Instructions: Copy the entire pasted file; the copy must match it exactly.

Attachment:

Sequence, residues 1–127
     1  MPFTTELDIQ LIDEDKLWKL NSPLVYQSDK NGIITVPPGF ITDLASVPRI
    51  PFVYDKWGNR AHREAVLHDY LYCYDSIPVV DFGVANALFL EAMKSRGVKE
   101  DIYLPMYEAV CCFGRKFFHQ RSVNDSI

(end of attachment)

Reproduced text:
Sequence, residues 1–127
     1  MPFTTELDIQ LIDEDKLWKL NSPLVYQSDK NGIITVPPGF ITDLASVPRI
    51  PFVYDKWGNR AHREAVLHDY LYCYDSIPVV DFGVANALFL EAMKSRGVKE
   101  DIYLPMYEAV CCFGRKFFHQ RSVNDSI